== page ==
It’s a brand new year full of brand new innovations! We’re so excited to see what 2019 will bring to the world of design and we’re confident there’ll be some brilliant surprises in store. We have, however, made a few cheeky predictions for some big design trends that will continue into this year.
1. Complex Gradients
Trend number one is actually an evolution of something that’s been popular for a while. Gradients are a big thing in design right now, you can see them pretty much everywhere. What we’re talking about today, though, is when gradients are used as much more than just an interesting background.
No, what we’re talking about today is campaigns like the one Adobe put on for their 10th Annual 99U Conference. Throughout all of their designs, they’ve created shapes using gradients alone. The gradients are used in such a way as to create the effect of light and shade on a 3D object, making these designs very engaging for only two colours.
2. Isometric Design
Previously reserved for technical drawings, isometric design is now making itself popular in other design contexts. This neat technique allows you to create a 3D appearance in just a 2D piece of artwork. The designer can then apply whatever style they like to their creation.
Isometric design is proving particularly popular in icon design. Creatio have created a mini, isometric universe for their homepage and then gone on to include smaller formations for their icons – tying everything together nicely.
3. Bold Typography
For the first of our typography trends, we’re looking at the leaning towards bold, no-fuss fonts. These fonts tend to be sans-serif and have a thick, uniform weight throughout. They do appear very strong and unapologetic which is perhaps why the Women’s Foundation chose this style for their We Work for Change campaign.
This campaign is all about changing perceptions around women and the typeface helps to promote the idea that women can be strong and fearless too. Together with the contrastive colour scheme and disjointed layout, this is a very eye-catching campaign.
4. Eco Packaging
In the world of packaging, there is one particular trend that is gathering a huge amount of momentum – ecologically friendly packaging. You must not only consider the look of your product, but also the materials used to create it and look for sustainable solutions.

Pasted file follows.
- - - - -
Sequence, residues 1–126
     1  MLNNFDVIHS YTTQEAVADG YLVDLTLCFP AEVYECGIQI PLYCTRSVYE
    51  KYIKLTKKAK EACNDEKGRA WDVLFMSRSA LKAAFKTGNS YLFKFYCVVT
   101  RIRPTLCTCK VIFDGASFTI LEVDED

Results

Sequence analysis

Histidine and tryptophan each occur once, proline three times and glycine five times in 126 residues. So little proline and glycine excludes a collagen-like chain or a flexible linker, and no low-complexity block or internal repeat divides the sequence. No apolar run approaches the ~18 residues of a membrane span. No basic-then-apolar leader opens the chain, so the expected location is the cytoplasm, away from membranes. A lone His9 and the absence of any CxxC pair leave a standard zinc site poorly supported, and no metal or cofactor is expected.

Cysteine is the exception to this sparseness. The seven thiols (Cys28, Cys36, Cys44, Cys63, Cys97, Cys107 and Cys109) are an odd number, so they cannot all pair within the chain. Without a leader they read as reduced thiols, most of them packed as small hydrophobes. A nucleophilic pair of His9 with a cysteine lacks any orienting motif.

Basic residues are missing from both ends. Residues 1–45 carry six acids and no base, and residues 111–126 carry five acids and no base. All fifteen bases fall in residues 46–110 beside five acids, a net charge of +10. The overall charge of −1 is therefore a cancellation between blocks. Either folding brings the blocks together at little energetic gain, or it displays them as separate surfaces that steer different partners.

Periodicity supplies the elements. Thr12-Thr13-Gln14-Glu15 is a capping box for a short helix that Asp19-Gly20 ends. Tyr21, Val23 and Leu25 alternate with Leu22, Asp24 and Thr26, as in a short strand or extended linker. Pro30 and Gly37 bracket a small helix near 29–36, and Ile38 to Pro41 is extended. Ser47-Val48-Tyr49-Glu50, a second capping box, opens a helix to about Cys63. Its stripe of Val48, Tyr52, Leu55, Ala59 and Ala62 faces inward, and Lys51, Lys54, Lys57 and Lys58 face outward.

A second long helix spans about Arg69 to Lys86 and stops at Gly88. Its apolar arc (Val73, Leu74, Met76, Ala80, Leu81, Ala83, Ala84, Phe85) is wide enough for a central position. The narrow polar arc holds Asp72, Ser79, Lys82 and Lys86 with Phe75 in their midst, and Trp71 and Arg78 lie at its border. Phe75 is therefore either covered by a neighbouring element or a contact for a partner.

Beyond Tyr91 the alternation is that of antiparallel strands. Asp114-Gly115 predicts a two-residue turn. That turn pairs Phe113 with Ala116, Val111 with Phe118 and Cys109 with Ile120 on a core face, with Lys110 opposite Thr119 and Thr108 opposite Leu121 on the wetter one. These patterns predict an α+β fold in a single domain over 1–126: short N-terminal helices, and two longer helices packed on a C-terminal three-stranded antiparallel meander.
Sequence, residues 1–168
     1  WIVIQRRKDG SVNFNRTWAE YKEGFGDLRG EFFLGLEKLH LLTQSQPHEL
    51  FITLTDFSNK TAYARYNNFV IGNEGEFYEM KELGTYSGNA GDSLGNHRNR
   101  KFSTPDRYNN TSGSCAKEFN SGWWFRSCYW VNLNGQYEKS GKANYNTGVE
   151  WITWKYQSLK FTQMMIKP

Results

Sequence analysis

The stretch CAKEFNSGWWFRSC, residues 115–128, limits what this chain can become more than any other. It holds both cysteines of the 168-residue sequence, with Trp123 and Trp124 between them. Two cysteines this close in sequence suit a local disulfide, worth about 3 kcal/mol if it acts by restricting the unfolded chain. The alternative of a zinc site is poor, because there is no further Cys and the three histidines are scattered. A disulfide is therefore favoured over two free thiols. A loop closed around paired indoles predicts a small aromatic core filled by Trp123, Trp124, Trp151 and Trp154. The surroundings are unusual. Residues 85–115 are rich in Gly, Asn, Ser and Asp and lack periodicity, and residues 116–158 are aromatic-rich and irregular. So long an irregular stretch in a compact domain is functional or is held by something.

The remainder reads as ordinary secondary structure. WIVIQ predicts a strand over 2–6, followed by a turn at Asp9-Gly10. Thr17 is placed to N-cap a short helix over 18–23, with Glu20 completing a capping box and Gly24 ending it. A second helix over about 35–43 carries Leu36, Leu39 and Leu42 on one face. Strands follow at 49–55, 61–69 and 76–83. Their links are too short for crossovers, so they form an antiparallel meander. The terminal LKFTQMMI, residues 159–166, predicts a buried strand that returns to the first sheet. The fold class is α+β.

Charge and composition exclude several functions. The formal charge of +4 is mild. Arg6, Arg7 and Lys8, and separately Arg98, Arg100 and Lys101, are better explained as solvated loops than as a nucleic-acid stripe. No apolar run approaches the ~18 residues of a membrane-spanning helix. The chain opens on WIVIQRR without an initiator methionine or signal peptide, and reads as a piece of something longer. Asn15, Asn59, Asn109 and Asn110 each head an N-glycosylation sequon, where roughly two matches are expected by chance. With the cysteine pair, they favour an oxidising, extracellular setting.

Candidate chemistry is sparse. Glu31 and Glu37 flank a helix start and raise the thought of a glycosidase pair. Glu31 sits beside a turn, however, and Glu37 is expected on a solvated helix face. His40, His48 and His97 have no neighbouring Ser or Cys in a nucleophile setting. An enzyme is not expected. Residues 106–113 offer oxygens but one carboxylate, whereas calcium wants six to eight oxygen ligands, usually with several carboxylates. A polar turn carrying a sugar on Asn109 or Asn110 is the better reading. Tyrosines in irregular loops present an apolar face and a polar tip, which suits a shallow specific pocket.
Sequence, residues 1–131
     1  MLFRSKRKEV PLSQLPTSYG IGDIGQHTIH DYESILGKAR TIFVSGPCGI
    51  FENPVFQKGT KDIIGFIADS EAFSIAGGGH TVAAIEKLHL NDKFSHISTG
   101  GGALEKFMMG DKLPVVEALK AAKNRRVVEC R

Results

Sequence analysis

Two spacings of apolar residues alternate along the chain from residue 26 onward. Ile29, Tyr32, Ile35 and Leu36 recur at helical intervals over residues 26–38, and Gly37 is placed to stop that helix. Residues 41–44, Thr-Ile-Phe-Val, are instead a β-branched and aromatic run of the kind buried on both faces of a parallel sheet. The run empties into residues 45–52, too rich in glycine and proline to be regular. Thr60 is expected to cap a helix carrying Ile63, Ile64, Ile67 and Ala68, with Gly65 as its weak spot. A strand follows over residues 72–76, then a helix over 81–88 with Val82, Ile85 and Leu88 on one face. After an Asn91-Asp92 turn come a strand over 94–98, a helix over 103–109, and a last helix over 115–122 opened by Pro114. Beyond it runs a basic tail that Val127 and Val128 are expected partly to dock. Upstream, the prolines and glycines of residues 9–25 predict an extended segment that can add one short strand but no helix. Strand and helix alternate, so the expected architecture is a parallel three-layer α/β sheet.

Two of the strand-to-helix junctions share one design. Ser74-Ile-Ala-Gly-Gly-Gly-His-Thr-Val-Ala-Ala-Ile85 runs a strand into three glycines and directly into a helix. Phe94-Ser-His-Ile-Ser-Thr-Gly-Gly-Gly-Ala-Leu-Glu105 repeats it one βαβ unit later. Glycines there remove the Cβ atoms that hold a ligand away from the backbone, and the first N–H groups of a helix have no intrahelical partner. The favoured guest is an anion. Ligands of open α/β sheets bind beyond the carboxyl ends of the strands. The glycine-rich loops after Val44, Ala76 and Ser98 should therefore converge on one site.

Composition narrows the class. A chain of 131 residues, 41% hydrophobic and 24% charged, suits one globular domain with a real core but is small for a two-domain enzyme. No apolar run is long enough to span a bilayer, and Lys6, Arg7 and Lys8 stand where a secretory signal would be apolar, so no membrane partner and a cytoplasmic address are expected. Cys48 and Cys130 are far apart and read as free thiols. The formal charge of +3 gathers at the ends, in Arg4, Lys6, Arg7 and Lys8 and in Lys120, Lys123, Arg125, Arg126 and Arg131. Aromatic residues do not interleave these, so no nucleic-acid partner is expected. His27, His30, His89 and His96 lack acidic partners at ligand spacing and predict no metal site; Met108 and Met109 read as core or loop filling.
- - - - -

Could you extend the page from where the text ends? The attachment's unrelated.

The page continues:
This move to eco-friendly materials is often complemented by natural inspired designs too. Seed Phytonutrients have created fully recyclable product containers and they’ve chosen to keep their brand full of earthy tones and script-style fonts.
5. Open Compositions
It can be so tempting to make your designs seem ‘finished’ by putting a frame around the outside. Even without a frame, you can position the items within the artwork to be nicely centred within your canvas. However, we’ve been noticing a move towards more open compositions recently.
Open compositions are those that make you feel like you’re only seeing a snapshot of the scene and that it actually extends beyond the boundaries of the image. Take the Magic Leap website, here. It’s hard not to believe that this universe continues in all directions – this site is particularly clever because, as you scroll down, you zoom out and see more of this creation!
6. Realism + Flat Design
Normally, realism and flat design are talked about as polar opposites within design so it might seem odd that we’re talking about using both of these at once. Except, it isn’t odd at all because we’re seeing a lot of artwork that brings the two together!
This coffee brand, Egoiste, demonstrates how the juxtaposition between the two styles can work really well. The realistic coffee beans and leaves contrast with the clearly computer generated mandala designs to create a cool and quirky vibe.
7. Serif Fonts
Time for our second typography trend! For a few years now, we’ve been seeing fonts get stripped back to basics and sans-serif typefaces were seen as clean and modern. However, things seem to be swinging back in the opposite direction again.
Brands are looking for something that communicates character and serif fonts allow for much more variation. The Department of Design uses the sans-serif font, Prenton, for body copy but splashes out with Orpheus and Garamond for headers.
Over in web design, we’re getting animated. Micro-interactions are those little animations that are triggered by rolling your mouse over or clicking certain elements of the site. They could be as small as fading the text to show this is the tab you will be clicking, or they could be much more elaborate.
This site, Femme & Fierce, makes use of micro-interactions to make their retail site a little more fun and unusual. As you hover over an item, not only does the picture cycle through a slideshow of different poses, but little dancing icons appear too.
9. Custom Illustrations
Finally, we end with the growing trend for custom illustrations. Custom designs are always a little tricky – on the one hand, you can create the exact image you want, on the other, it takes more time. It looks like people are more inclined to put the effort in these days!
These exhibition posters each feature custom artwork that capture the creativity and imagination that the exhibition is clearly trying to promote. It may take longer, but we’d argue that it’s well worth the effort for results like these.
Do you have any resolutions for 2019? Check out our free eBook, 50 Design Tips for Designers and see if there’s anything in there you could start incorporating. We can’t wait to see what you come up with this year!